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facilities, they don't feel like they are adequately getting help. and then the other side of things that i was reading and the documentation that you provided to us is that if it requires eight or 10 hours for a police officer to sit in an emergency room or sit with somebody they are bringing into a facility, they are going to find it more expedestrian dishes -- expedicious to put them in jail. you heard about the capacity of the public health facility.
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what kind of support do you need in terms of hours on coverage, and to make that part of this? it sounds very critical to this working. >> if you are in a situation where you are suffering budget cuts it always feels very, very discouraging. as an outsider, i look at your services. there is a concern for the safety nets. i do think one of the things i recommend, there is a study committee that they will have to look at those committees, where does that provide a roadblock to you. if you have a roadblock in the system, you have to look at that.
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i hadn't heard yesterday from the individuals i talked to. they felt they had good turn-around times for the officers and indeed were doing a good job. those things were very impressive to me. >> thank you both, very much. >> i want to thank the commissioners for discussing this important issue. i think one of the things that helps me understand, whether you go to the academy you have four to five months of training. this mental health tring training is just another class among many classes. you get out and do your other training, and then you get assigned to a station. what i understand you are saying, and maybe you can elaborate on this, if this is a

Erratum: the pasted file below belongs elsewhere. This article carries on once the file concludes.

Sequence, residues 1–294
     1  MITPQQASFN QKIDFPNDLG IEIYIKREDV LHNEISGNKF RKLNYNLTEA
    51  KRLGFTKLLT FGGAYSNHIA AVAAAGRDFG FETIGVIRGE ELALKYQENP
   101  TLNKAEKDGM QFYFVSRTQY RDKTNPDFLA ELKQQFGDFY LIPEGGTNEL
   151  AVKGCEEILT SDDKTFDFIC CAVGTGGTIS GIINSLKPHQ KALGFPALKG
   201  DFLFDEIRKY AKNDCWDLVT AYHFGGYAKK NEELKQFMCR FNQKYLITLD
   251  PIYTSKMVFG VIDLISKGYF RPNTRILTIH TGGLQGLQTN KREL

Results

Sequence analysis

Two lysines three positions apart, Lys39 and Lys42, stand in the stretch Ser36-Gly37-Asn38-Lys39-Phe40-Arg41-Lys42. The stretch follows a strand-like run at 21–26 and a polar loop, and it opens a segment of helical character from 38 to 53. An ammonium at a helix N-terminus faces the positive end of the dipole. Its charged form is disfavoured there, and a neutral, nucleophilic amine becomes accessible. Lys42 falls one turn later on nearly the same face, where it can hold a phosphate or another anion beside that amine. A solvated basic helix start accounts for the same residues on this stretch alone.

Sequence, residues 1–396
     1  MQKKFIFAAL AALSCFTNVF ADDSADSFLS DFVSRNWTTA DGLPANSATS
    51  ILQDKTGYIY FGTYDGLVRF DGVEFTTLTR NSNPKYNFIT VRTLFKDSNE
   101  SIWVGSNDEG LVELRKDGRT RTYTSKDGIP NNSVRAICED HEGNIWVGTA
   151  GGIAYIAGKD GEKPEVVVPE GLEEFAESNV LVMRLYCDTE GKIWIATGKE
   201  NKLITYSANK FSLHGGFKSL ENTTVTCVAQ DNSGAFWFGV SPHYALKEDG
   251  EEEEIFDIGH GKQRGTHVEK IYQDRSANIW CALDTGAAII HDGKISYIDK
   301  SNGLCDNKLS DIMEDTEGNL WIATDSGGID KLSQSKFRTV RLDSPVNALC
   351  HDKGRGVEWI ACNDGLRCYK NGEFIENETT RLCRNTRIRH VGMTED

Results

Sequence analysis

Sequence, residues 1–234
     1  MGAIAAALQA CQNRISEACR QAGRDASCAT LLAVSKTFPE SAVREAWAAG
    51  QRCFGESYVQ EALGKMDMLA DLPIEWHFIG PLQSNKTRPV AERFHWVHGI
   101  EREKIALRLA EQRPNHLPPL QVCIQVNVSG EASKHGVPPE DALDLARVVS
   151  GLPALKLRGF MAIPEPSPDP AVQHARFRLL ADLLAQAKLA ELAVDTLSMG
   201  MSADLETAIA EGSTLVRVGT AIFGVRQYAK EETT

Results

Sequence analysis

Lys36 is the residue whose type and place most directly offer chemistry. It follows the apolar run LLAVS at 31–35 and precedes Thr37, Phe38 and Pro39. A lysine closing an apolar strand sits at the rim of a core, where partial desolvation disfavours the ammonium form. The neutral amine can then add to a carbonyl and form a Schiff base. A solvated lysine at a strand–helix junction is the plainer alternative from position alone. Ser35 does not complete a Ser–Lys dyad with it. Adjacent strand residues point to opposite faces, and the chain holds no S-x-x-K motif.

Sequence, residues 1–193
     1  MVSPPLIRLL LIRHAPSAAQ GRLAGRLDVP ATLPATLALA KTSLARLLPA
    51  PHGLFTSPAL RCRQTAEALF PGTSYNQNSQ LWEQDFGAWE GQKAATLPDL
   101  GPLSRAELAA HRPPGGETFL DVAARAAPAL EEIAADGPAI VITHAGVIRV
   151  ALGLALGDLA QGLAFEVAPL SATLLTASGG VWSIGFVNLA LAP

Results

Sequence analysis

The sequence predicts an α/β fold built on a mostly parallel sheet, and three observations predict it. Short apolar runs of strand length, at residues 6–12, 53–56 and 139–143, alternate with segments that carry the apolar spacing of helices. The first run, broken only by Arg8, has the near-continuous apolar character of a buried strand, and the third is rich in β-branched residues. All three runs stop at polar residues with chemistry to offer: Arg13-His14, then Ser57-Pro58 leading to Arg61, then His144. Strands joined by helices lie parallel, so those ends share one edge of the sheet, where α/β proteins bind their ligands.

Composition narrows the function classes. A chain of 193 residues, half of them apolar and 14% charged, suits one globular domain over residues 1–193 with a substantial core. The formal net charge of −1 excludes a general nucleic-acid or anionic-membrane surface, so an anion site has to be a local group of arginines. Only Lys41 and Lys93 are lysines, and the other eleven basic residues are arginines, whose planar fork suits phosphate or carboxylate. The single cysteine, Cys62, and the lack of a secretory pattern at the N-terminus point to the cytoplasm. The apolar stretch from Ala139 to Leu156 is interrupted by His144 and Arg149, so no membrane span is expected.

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three to five-year officer who has demonstrated judgment who wants to be part of the program, applies to the program, and selected to the program and then is given educational training and practical training, what you are talking about is de-escalation, and it is an ongoing training. these people become specialists. they get a chance to learn and grow. and they have resources available to them. [applause] >> the short answer is yes.
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but you did really summarize the flavor of c.i.t. within the specialization. we are proud of all of our law enforcement officers. there is no question about it. i think it has been repeated by many of our citizens here tonight and by others this is a special population requiring special needs and special services with dignity. i think the c.i.t. program is a platform. it is a platform for officers to recognize those special needs it is about officers committed to personal involvement. this is how we respond to crisis calls related to people. because a department joins in a
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community partnership that recognizes that within law enforcement uniform patroled services, for the most part we're on automatic with how we respond to burglary calls and robbery calls and how we investigate an accident. but when we implement a c.i.t. program as a community program, that training officer that is oftentimes referred to as a rookie, this riding with possibly a c.i.t. officer, and they may say, why are you doing it this way? why are you going out of your area to be in charge of a particular call event related to mental illness, and the answer will be, this is a special call that requires special services. and that's my riddle. my riddle is to serve those that have special needs.
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i'm a c.i.t. officer because family members are defending on me, i'm a c.i.t. officer because the consumers are depending on me, i'm a c.i.t. officer because my fellow partners are depending on me. that brings about ownership from an individual. when you have a platform where that officer can demonstrate ownership, that officer will perform. just like when you look at other specializations within the police department, those officers are very, very good. it is not just by happenstance. it is about the personal commitment, it is about the training that they receive, it is about the identity as to who they are.